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LBDS is a Texas developer of cardiac MRI technology. ISOL Technology Inc. is a manufacturer of MRI systems based in South Korea. According to a federal court complaint (LBDS Holding Company, LLC v. ISOL Technology Inc. et al., 6:11-cv-00428, (E.D. Tex. Aug. 16, 2011)), LBDS contracted with ISOL in 2008 to purchase MRI systems with ISOL agreeing to integrate LBDS’s proprietary technology into those systems. The agreement contained a non-disclosure provision and LBDS disclosed its technology to ISOL to assist with the integration project.

The relationship turned south in 2010 at a convention for the Radiological Society of North America. LBDS’s CEO attended the convention and saw a competitor’s booth displaying LBDS’s proprietary cardiac technology. To make matters worse, he saw ISOL management and engineers manning the competitor’s booth.

LBDS sued for breach of the non-disclosure provision, unfair competition, and misappropriation of trade secrets. LBDS alleged that ISOL took the cardiac technology and integrated it into the competitor’s system, even helping to market the new product in South Korea and, brazenly, at the trade convention. A Texas jury agreed with LBDS and awarded the company $25 million in damages.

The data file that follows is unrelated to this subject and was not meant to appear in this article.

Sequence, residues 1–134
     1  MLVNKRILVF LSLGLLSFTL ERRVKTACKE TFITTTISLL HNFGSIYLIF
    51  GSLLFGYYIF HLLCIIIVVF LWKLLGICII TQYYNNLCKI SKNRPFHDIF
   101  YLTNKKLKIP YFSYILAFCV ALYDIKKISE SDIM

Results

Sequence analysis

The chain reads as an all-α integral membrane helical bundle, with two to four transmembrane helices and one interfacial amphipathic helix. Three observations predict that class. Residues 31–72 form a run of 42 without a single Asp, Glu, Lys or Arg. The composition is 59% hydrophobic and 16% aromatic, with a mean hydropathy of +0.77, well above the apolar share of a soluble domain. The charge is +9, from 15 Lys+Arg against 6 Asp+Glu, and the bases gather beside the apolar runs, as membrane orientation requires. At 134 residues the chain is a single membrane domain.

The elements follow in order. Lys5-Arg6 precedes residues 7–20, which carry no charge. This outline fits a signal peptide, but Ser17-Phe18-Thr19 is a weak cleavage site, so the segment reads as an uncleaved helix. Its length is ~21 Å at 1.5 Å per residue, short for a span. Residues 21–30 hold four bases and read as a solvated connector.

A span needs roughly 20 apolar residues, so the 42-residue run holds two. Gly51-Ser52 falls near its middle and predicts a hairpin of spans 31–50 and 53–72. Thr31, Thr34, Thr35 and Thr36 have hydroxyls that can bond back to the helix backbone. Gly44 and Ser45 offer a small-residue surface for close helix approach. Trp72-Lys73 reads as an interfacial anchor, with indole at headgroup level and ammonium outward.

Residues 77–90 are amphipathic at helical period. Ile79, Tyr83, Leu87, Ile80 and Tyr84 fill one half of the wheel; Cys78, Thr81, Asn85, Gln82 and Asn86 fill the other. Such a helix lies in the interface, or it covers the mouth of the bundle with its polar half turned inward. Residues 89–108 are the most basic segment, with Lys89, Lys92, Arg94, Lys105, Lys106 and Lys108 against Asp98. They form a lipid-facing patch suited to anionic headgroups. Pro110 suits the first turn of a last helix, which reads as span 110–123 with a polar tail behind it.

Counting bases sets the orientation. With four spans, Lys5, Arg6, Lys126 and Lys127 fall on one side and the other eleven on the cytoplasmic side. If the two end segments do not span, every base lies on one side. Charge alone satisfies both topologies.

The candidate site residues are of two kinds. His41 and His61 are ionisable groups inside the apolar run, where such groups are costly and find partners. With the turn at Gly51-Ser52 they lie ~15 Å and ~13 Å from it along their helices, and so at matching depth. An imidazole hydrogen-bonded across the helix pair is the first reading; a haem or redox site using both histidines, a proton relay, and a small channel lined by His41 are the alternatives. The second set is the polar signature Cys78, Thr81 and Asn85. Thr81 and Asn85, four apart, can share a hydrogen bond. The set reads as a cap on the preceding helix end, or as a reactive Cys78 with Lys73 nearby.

While trade secret theft may conjure up images of rogue employees or shady outside actors, the LBDS case reminds us that trade secret theft can also occur when a company invites a contractor through the door.

When contracting with third parties it is important to:

  • Review contracts to ensure information is protected by appropriate non-disclosure provisions;
  • Perform due diligence on contractors, particularly those operating overseas;
  • Carefully monitor projects that require the disclosure of trade secrets to third parties.

Although LBDS obtained a sizeable jury verdict, it couldn’t unring the bell – the competitor still received highly confidential information. The lesson is clear: be careful who you let in the door.

What steps does your company take to protect trade secrets when contracting with third parties?

First published on the netWORKed blog.

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